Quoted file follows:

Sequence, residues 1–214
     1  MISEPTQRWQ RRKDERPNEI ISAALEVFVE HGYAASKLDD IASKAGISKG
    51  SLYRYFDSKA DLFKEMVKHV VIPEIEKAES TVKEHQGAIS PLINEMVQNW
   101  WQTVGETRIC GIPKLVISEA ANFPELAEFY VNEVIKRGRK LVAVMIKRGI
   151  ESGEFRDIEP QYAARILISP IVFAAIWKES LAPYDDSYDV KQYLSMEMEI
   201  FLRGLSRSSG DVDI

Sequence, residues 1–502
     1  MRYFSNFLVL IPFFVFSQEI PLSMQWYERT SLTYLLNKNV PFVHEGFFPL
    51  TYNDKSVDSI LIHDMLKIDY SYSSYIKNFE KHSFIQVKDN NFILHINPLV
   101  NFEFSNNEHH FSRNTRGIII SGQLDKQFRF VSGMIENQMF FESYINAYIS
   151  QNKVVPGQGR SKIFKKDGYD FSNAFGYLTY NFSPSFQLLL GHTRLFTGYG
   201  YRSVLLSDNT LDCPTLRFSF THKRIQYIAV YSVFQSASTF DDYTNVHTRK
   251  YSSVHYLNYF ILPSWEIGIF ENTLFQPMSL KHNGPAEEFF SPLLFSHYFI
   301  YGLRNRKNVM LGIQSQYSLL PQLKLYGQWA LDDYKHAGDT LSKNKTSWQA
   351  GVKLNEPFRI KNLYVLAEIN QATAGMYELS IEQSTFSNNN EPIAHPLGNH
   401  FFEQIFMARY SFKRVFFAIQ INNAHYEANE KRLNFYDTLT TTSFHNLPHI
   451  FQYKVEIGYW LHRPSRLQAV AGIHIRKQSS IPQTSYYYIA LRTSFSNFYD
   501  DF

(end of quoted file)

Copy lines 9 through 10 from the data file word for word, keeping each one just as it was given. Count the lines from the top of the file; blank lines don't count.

    51  TYNDKSVDSI LIHDMLKIDY SYSSYIKNFE KHSFIQVKDN NFILHINPLV
   101  NFEFSNNEHH FSRNTRGIII SGQLDKQFRF VSGMIENQMF FESYINAYIS